Qualcomm (NASDAQ:QCOM) stock has corrected significantly, falling by about 20% over the previous month. However, bulls seem to ignore Qualcomm’s near-ideal market position in the smartphone chipset market, an industry on track for massive growth. This possibility alone gives investors good reason to treat the post-earnings sell-off in this chip stock as a buying opportunity.
The underappreciated bull story
Qualcomm’s chipsets act as the “brain” of a smartphone, receiving and carrying out essential commands. For now, most smartphone manufacturers depend on Qualcomm’s chipsets, technology that Qualcomm licenses to other manufacturers.
This has become particularly important amid the rising popularity of the 5G devices. Whereas the previous 4G standard brought speeds of between 12-36 megabytes per second (Mbps), 5G speeds commonly reach 300 Mbps and beyond.
Although the government once declared Qualcomm a monopoly, the company’s attorneys persuaded an appeals court to overturn the decision. Moreover, Apple (NASDAQ:AAPL), who pursued lawsuits against Qualcomm for years over royalty costs related to the chipsets, dropped its legal challenge in 2019 amid the emergence of 5G. Instead, Apple bought Intel‘s smartphone chipset business, presumably hoping to develop a competing chipset.
Now, all major smartphone manufacturers produce 5G devices. Consequently, Grand View Research estimates a compound annual growth rate (CAGR) for the industry of 63% through 2027.
Companies such as Samsung and Taiwan-based MediaTek produce 5G chipsets. Still, Samsung’s chip only goes into its phones, and MediaTek has only gained a following with lesser-known Asian manufacturers. For this reason, Qualcomm will probably claim most of this growth for the foreseeable future.
Qualcomm’s latest earnings figures seem to reflect that dominance. In fiscal 2020, the pandemic’s effects early in the year dragged down the company’s full-year performance; revenue fell about 3% for the year, while net income grew a modest 18%. But the company seemed to recover robustly by the end of that year. In Q4 2020, GAAP revenue rose by 73%, while net income increased 485% year over year. And in Q1 2021, the most recent quarter, revenue and GAAP net income increased 62% and 165% year over year.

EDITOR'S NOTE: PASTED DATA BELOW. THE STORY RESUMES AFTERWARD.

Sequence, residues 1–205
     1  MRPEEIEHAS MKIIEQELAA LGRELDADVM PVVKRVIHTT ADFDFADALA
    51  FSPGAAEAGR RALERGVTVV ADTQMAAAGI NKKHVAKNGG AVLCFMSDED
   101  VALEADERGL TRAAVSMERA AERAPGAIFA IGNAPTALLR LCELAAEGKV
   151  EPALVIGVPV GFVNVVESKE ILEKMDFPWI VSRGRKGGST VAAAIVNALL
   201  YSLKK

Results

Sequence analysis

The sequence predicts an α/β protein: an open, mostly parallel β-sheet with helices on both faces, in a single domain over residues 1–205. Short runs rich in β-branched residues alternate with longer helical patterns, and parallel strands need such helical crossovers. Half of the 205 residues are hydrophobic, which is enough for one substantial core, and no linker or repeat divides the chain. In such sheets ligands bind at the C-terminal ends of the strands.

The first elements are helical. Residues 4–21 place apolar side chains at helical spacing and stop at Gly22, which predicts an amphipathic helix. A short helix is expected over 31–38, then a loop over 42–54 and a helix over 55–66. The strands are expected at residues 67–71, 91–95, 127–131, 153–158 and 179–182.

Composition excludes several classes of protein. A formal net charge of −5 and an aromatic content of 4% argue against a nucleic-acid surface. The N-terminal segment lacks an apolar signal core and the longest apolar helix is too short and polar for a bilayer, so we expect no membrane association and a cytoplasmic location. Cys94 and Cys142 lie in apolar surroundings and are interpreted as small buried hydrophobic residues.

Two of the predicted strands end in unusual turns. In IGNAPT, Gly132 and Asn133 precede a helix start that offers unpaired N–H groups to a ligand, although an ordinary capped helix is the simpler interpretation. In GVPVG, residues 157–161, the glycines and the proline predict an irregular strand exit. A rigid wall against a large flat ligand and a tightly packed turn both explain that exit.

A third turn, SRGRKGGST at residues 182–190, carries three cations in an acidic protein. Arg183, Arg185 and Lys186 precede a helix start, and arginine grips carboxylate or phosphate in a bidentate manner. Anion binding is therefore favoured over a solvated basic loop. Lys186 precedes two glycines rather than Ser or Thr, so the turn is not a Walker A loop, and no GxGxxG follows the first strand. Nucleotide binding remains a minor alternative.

Effects on Qualcomm stock
Investors have noticed those rising revenues and earnings; Qualcomm stock has surged by just over 60% over the last year. Still, this also accounts for the recent correction that sent Qualcomm falling over the previous few weeks.
Following the Feb. 3 earnings report, investors dumped Qualcomm shares, citing what was at the time a nearly 90% increase in the stock over the previous 12 months and concerns over a chip shortage.
However, the recent decline has further discounted Qualcomm stock. Now, the stock trades at 22 times earnings, down from a 28 P/E ratio before the earnings announcement. Hence, not only do new investors pay less than the current S&P 500 average P/E ratio of about 38, but they also benefit from massive revenue and earnings growth.
On top of the fast-growing profits, investors will receive $2.60 per share in dividends every year. Though that amounts to a yield of only 2%, Qualcomm’s annual payout has risen every year since dividend payments began in 2003.
Also, the company can afford this payout. In fiscal 2020, $4.4 billion in free cash flow covered the $2.9 billion dividend expense for that year.
Additionally, while the $15.7 billion in combined short and long-term debt represents a significant burden, the remaining free cash flow also covered interest expenses of about $600 million. This means that although debt levels changed little over the last 12 months, those obligations pose no obvious danger to the company’s stability.
The likely direction of Qualcomm stock
Even considering its potential issues, investors appear to have a buying opportunity in Qualcomm stock. Yes, the stock price experienced massive gains in 2020, and perhaps the time had come for a correction. Moreover, chip shortages and the possibility of competition remain ongoing threats.
However, in the end, new investors will pay 22 times earnings for up to triple-digit earnings growth. Moreover, unless and until a competing chipset hits the market on a larger scale, the 60%-plus of forecasted industry growth will primarily accrue to Qualcomm. Given the tremendous possibilities for increasing profits and its low valuation, Qualcomm’s potential returns appear to significantly outweigh its risks.
This article represents the opinion of the writer, who may disagree with the “official” recommendation position of a Motley Fool premium advisory service. We’re motley! Questioning an investing thesis — even one of our own — helps us all think critically about investing and make decisions that help us become smarter, happier, and richer.
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